Punjab Hooch Tragedy: Police arrest paint store owner
Chandigarh, Aug 06: A major breakthrough has been achieved in the Punjab Hooch Tragedy case. The Punjab police has arrested the main accused in the case, which was responsible for the death of over 100 people.
The police has arrested a Ludhiana based paint store owner for allegedly triggering the chain of events that led to the death of 111 persons across three districts.
Punjab Chief Minister Amarinder Singh on Wednesday directed the state police chief to book those directly involved in the hooch tragedy that has claimed 113 lives, for murder.
Promising justice for the victims of the case, which he termed as the biggest tragedy of recent times, the chief minister asserted that he will not tolerate any political interference in the case.
Singh also mooted enhancement of punishment for spurious or illicit liquor manufacturing and smuggling under the Excise Act, to ensure repeat offenders remain behind the bars and are not able to come out easily to indulge again in the crime.
During the cabinet meeting, several ministers agreed to Advocate General Atul Nanda's suggestion that a strict law like Punjab Control of Organised Crime Act (PCOCA) was needed to combat organised crime like illicit liquor smuggling.
The chief minister asked the sub-committee, set up under minister Brahm Mohindra, to examine the provisions of the proposed law, to finalise and submit its report at the earliest.
He agreed with Sukhjinder Randhawa and other ministers that Punjab Control of Organised Crime Act (PCOCA) could help control hardcore criminals and act as a deterrent to gangsters, who continue to deal in organised crime even from prison, and had close connections with terrorists too, according to a government release here.
The chief minister's directives on the hooch tragedy came during two separate video conferences – one of the cabinet meeting and the other a review meeting of the case with top police and administrative officials.
Amarinder Singh also led his council of ministers in observing a two-minute silence as a mark of homage to the victims of the tragedy.
As many as 113 people died in the hooch tragedy with 84, the maximum fatalities, in Tarn Taran, followed by 15 in Amritsar and 14 in Batala.
"Finish off this business, clean up the border areas.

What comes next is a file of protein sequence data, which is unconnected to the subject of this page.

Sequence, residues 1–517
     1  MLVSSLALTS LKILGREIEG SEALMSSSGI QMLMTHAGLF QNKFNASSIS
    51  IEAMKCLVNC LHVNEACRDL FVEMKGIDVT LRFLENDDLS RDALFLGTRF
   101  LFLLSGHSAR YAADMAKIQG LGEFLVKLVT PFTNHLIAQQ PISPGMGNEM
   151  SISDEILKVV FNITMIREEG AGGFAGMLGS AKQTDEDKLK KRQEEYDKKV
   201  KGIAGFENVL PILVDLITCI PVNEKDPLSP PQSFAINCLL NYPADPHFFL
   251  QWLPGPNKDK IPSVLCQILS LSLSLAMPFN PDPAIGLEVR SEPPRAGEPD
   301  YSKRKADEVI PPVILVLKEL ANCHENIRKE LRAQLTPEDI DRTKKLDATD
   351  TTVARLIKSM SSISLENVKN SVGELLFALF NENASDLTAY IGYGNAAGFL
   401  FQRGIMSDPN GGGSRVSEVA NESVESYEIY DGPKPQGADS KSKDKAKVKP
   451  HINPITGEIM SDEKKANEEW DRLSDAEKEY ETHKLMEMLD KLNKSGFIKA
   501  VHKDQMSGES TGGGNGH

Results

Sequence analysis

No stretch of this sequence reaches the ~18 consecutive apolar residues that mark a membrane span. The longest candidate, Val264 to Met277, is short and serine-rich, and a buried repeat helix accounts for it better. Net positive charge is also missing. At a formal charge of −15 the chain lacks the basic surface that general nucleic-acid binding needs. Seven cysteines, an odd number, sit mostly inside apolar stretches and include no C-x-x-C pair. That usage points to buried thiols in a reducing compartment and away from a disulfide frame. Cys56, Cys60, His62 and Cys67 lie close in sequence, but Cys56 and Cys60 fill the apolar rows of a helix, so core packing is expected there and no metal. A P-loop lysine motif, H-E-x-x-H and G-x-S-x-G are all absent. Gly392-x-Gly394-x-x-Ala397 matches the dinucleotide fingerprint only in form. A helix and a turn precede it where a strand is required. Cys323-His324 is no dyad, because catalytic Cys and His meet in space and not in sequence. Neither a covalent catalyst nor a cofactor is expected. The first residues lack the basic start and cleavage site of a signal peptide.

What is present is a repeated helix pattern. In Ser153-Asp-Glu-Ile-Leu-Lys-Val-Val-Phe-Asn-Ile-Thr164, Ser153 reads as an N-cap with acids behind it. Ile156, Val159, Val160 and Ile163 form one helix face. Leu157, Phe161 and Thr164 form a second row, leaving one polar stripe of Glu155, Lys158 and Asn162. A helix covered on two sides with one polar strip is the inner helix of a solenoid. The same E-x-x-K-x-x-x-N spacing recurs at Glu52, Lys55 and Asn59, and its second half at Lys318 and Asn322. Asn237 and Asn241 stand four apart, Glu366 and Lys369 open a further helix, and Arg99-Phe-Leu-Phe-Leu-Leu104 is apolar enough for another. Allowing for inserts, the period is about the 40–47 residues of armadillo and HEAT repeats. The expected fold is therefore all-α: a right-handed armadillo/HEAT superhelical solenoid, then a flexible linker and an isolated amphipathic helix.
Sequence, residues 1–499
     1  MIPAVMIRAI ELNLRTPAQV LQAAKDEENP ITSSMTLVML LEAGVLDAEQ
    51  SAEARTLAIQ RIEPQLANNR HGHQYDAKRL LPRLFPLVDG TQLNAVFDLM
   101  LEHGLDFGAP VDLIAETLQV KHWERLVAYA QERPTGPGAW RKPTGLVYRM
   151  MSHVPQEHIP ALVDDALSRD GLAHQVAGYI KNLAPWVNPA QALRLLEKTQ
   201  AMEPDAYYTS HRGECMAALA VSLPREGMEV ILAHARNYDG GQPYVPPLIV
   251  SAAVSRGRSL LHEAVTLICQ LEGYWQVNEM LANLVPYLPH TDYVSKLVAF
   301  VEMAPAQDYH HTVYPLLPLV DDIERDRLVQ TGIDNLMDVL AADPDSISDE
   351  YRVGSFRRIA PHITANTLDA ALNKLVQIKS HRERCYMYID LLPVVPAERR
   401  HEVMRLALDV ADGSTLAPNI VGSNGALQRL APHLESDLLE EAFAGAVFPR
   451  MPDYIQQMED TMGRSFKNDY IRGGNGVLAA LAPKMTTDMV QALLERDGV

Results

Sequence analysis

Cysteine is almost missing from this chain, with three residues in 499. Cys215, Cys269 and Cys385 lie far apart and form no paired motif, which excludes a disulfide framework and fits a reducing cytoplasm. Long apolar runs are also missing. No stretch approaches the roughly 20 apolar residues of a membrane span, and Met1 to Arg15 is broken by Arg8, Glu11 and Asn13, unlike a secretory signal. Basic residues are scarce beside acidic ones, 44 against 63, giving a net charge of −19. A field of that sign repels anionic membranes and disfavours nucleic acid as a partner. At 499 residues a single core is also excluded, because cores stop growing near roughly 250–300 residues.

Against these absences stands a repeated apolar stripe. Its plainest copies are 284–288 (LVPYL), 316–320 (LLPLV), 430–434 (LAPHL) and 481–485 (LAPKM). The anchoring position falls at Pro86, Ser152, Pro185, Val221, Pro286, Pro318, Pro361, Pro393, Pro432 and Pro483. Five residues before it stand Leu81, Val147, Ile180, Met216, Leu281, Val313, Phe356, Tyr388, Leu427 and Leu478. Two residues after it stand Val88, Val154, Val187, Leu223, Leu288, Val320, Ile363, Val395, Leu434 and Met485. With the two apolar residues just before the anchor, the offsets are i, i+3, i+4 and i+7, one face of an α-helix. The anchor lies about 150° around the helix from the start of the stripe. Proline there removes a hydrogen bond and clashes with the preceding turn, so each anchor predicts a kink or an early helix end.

This has to stop," said the chief minister in his directive to police and district officials during the review video conference earlier.
The illicit liquor business, using 'lahan' (raw material for making liquor), has been going on in border areas for a long time.
But now it had assumed even more dangerous proportions with the new trend of smuggling from neighbouring states, then chief minister said.
Asserting that he wanted “to see an end to this whole business of spurious and illicit or smuggled liquor," the Singh directed the officials concerned to be extremely strict in dealing with the criminals, whether male or female.
Reiterating his government's zero-tolerance policy to illicit and spurious liquor, and drugs, he asked the police to coordinate closely with the excise and other departments concerned to wipe this menace out of Punjab once and for all.
Pointing out that the victims of the hooch tragedy were the poorest of the poor, Singh set a 10-day deadline for the deputy commissioners and police officers concerned to identify and process cases to provide targeted additional relief for their families.
The chief minister has already announced Rs 2 lakh ex gratia to the families of each of the victims of the tragedy.
Inspector General of Police SPS Parmar said cases have been registered under section 304 (punishment for culpable homicide not amounting to murder) of the IPC and the Excise Act, and a coordinated crackdown had been launched in all border areas to identify and nab the criminals and initiate strict action against them under the law.
He revealed that initially, the families of the victims in Tarn Taran, which had suffered the maximum loss of lives, hid the deaths and cremated the bodies without post mortem.
Parmar suggested the introduction of colour coding for ethanol and other spirits to check their illegal sale and distribution.